06 May, 2010

my herb garden

Several friends have recently asked me for tips on growing their own herbs. Now, to be honest I'm not quite sure how this happened. I am no gardener. In fact, I've killed plenty of plants. Nevertheless, I've managed to keep a nice little herb garden in my window sill. I've learned the hard way that once you over-water a plant it is hard to keep it from dying. For this reason, I never use pots that do not have a hole in the bottom to let the extra water leak out. I've also learned to let the soil get a little bit dry between waterings. It is really neat to see a plant looking pitiful and dry in the morning, water it, and return in the afternoon to find it full of life and energy.

If you are thinking of starting your own herb garden start with the herbs that are best-suited to your style of cooking and eating. When you are ready to use them trim the longest sprigs down to a point where they still have a few leaves on them - they need those chlorophyll factories. You can also just pick off a few leaves at random whenever you want, but they do need the occasional trimming to keep from getting too scraggly. It really is quite easy and always being able to cook with fresh herbs is incredibly rewarding.

You can even put a combination of plants in the same pot. For example, I have one grouping of thyme, marjoram, and oregano; and another of lavender, oregano, and thyme (they're actually still in a shoe box). All-in-all I have two kinds of thyme, two kinds of oregano, marjoram, cinnamon basil, lavender, and orange mint. I also frequently take a few sprigs from the rosemary plants up on campus. With all of that I hardly ever buy any herbs other than parsley, and I never cook with dried herbs (the flavor just doesn't compare for most dishes).

Aside from using the herbs in any recipe that calls for them, here are a few other super-quick ideas:
  • chop and add to roasted or sauteed vegetables
  • sprinkle on any cooked meat
  • add to scrambled eggs or an omelette at the end of cooking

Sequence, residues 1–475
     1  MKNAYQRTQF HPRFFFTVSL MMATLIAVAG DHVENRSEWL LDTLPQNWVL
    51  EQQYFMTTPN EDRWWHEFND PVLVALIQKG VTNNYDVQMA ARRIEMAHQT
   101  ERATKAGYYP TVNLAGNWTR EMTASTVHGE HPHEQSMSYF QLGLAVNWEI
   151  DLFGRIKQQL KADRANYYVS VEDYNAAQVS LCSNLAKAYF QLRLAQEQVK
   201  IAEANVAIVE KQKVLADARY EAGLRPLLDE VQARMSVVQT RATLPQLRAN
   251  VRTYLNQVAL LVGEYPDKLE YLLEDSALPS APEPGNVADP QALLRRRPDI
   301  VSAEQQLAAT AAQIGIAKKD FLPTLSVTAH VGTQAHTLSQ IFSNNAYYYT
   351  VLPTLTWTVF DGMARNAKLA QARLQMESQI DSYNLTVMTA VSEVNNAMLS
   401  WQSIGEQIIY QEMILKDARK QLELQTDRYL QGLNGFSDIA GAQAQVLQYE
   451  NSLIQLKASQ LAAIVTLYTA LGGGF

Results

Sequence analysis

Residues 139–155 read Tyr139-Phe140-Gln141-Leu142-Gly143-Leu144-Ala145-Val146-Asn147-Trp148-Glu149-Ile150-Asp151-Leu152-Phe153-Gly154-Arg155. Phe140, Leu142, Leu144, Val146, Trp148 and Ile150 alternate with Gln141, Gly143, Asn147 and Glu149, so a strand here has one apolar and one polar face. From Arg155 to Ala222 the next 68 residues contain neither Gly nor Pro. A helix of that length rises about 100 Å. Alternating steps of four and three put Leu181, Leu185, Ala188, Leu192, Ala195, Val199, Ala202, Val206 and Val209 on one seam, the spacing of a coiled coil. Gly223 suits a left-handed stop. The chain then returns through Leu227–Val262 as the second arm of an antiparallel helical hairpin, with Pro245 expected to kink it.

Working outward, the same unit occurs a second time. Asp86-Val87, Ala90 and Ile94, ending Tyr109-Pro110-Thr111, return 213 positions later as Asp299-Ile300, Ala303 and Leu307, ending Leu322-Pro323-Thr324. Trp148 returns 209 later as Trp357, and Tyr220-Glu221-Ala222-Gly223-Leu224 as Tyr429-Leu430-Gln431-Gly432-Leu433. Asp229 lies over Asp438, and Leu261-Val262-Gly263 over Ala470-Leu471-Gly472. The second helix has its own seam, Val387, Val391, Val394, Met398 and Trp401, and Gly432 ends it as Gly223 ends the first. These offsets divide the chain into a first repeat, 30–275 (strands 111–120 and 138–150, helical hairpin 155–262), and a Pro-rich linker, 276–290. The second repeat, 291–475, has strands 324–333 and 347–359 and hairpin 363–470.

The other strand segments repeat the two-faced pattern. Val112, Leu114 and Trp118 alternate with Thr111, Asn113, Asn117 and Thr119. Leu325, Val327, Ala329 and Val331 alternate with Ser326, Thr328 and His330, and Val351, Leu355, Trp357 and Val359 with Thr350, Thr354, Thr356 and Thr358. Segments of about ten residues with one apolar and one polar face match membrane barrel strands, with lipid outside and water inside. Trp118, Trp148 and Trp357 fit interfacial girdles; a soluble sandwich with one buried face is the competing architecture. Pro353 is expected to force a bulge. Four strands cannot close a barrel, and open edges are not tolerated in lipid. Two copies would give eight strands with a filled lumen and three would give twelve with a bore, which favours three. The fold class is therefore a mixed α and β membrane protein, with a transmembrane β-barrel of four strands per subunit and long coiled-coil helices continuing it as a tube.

• throw into a pasta dish at the end
  • add whole leaves to a salad for the occasional extra kick of flavor
  • add mint leaves to a glass of tea or juice
Eating fresh herbs also comes with health benefits. While there is  a lot of variation from one plant to the next, generally speaking they have very high concentration of antioxidants and other compounds that help to reduce inflammation and have anti-bacterial properties.

A few weeks ago I realized that everything had grown quite a lot and needed a major trimming. I thought of making a pesto but it turned out to be more of a paste. Because I had such a mixture and they all had small leaves I didn't think I would be able to achieve the traditional texture of pesto. But this paste is delicious - added to b├ęchamel sauce and poured over pasta, thinned out with olive oil and drizzled on top of an omelette, and spread thinly on good bread or toast.

Herb Paste Recipe:
1 cup of fresh herbs (leaves only, well-rinsed and dried)
1 clove garlic
1/3 cup walnuts
2 1/2 T olive oil
1 T lemon juice
1 T water
pinch salt

In a food processor, pulse the clove of garlic first to make sure that you don't end up with any giant chunks.
Add the herbs and walnuts and pulse until everything is broken up.
Add the lemon juice and water and let the food processor run until they are well-combined.
Stream in the olive oil while processing, adding more or less depending on your preference.
Add a pinch of salt, or leave it out if you prefer.

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